We are now, as of March 2021, one full year under quarantine. And it has been a lot. Like really, a lot to deal with. Living in New York was ground zero for the beginning of the pandemic in the United States made this last year particularly surreal. I’m still reeling in certain situations to this new normal. But being shoulders deep in this chaos has got me thinking about what effect all of this has had on my daily life in NYC. And even though I thought my hard-earned New York skin had gotten thicker because of it, I do believe that some things have changed for the better since quarantine.
Owning A Stoop Has Gotten A Bit Easier
On a weekly basis for the first eight months of this quarantine, the national news media would weekly remind the country that people were leaving the city en masse to head for “safer” places.
For a born and bred New Yorker, seeing transplants leave who were only living here for a “Sex and the City” or “Girls” reality really didn’t phase me because they weren’t staying anyway. Millionaires, celebrities, and hipsters weren’t what make NYC what it is. What makes it so special is the richness of its many cultures. So when I started hearing that more and more properties went on sale and that their highly inflated asking prices were falling. I told every one of my friends that it’s time to start looking for an upgrade if you can afford it. If you were one of the locals who have outgrown your current living space, whether it was because of gaining a partner or a child and thought that you’d have to leave NYC to own then the tide has turned for you. Sought after neighborhoods have become more affordable and ownership with good planning has become possible.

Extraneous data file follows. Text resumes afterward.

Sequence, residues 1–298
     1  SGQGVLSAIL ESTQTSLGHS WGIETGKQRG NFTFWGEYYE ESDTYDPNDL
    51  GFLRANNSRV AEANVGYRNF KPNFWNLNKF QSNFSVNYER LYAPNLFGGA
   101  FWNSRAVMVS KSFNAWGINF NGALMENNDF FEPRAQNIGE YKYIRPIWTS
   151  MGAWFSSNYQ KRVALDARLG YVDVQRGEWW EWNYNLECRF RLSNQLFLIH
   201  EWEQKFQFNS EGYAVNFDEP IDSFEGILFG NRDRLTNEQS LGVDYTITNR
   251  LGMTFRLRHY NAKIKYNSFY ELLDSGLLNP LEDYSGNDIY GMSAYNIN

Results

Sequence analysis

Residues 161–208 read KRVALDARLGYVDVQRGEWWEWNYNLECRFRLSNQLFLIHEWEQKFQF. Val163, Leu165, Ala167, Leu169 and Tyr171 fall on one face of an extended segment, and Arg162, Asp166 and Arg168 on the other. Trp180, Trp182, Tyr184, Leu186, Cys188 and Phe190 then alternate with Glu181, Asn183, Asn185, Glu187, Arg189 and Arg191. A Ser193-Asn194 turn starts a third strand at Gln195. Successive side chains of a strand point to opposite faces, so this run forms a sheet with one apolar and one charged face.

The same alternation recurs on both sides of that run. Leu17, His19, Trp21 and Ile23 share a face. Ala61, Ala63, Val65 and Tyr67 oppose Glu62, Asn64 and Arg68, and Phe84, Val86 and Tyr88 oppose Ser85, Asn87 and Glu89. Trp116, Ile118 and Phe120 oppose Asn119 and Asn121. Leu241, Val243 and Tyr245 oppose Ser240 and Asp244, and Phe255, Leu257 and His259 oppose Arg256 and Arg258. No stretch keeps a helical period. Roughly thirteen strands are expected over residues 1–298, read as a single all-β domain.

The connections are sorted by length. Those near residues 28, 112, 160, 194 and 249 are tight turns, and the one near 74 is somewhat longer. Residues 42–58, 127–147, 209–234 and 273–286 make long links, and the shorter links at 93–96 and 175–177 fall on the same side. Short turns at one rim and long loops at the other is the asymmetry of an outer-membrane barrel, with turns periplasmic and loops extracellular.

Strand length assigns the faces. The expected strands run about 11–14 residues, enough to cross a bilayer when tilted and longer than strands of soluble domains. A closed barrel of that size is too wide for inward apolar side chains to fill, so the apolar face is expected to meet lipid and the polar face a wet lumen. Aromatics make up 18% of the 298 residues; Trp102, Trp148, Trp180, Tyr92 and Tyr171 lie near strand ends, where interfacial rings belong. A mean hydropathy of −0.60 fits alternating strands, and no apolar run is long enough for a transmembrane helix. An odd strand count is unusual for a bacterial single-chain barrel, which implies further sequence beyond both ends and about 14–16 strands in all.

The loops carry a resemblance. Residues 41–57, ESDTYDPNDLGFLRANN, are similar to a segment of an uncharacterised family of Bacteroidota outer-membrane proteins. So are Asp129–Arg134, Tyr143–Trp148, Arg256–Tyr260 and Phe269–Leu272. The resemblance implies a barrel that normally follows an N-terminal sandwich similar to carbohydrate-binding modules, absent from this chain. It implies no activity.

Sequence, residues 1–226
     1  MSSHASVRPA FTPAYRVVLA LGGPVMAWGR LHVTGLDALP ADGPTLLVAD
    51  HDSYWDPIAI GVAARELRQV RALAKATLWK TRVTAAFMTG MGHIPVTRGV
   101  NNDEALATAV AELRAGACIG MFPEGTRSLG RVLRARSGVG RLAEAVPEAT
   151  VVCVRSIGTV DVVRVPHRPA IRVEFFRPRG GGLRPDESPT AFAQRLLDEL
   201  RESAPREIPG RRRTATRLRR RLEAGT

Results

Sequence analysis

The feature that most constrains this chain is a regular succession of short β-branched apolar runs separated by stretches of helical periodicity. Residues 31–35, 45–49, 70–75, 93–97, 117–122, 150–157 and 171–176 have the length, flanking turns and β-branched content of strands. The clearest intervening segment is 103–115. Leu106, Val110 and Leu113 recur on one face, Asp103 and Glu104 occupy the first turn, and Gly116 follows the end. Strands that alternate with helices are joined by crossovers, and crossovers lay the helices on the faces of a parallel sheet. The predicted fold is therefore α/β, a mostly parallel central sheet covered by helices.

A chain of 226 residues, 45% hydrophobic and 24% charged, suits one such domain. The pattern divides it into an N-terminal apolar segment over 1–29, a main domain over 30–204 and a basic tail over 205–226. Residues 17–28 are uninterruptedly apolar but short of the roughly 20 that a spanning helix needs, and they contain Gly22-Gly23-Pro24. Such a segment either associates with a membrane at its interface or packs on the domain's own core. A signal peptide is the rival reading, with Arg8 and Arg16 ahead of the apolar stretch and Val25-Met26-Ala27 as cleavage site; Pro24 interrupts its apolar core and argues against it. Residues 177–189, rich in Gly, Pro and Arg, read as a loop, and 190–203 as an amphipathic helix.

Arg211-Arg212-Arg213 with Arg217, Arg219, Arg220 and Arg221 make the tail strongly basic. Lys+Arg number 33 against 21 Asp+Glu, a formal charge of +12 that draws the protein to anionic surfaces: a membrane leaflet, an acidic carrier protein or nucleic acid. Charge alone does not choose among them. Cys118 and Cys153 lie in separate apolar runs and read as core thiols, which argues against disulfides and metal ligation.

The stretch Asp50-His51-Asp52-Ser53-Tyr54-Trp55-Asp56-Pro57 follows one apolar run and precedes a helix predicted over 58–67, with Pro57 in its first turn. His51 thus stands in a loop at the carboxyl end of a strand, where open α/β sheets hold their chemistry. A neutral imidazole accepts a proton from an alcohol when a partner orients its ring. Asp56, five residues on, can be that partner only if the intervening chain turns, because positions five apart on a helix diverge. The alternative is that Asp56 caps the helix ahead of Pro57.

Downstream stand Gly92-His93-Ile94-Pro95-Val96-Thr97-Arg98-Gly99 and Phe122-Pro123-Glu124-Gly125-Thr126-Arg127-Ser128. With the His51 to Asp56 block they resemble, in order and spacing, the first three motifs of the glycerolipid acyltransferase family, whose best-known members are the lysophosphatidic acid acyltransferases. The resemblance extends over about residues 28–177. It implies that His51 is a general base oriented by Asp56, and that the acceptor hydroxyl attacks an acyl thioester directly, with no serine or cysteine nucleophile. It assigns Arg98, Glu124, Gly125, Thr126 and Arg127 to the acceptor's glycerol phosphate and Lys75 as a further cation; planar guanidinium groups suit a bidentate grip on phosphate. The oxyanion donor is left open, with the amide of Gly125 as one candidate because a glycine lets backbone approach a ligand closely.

Exploring Your Neighborhoods
Before lockdown, we were all in a constant rush to go somewhere. Somewhere could’ve been the next state, the next country, or even the next borough. But the focus on staying safe and socially distant has veered people’s thinking to being close to home and how can I entertain myself within a ten-mile radius. New Yorkers have picked up bicycling in record numbers so they can travel with little risk and get their exercise. We’ve supported local businesses more and discovered new ones we never would’ve seen on our way to work. Quarantine has forced us to remember how to live on more of a community level instead of running home and living behind our collective doors.
I mean, of course, we shopped online too, but we became more mindful while shopping. Supporting Chinatown, Harlem, Flushing, Flatbush, and other culturally rich neighborhoods let us see the benefits of supporting small businesses.
We Are Giving Like Never Before
We focused like never before on helping others. Food pantries, meals on wheels, churches, and clothing donations have all seen a rise in contributions. Even if we couldn’t physically donate our time to be there in person, we donated in other ways like tutoring online electronics to children in need of tablets and laptops. New Yorkers are definitely not as heartless as we are perceived to be.
Creativity Has Been Off The Charts
We baked loaves of bread; we sipped and painted; we learned to sew; we cooked; we grew amazing home gardens; we meditated; we created street art and we hiked. If we couldn’t flex physically, we flexed emotionally or creatively. Pressure creates diamonds, right? And even I baked and cooked more in the last year than I have in the previous five. I admittedly was so burnt out as I had become with blogging and social media, I found a new way to pivot and replenish by switching my mindset from travel to food to nourish my creative streak in another way.
We Became Activists
Black Lives Matter could have never picked up steam in the same way if we weren’t all forced to sit down and contemplate systematic racism and watch dozens of videos of the examples of black death. The largest voter turnout in a generation could not have happened if we weren’t consuming news of the day uninterrupted for hours at a time while distracted by our habits. And now our social media spotlights on Asian hate crimes when the media refused to shine its own and give this community the attention it deserves.
The allyship, although not promised to remain consistent without continued effort by accepting what the Black community had been saying was going on for generations, truthfully exists. And using your non-Black voice to bring it to the forefront of the conversation. All these issues were just festering until we decided to take notice while life slowed down.
Did you notice other things that you think changed and made New York City that much better during quarantine? Tell me about it in the comments. Let’s keep talking.
Until our next rendezvous..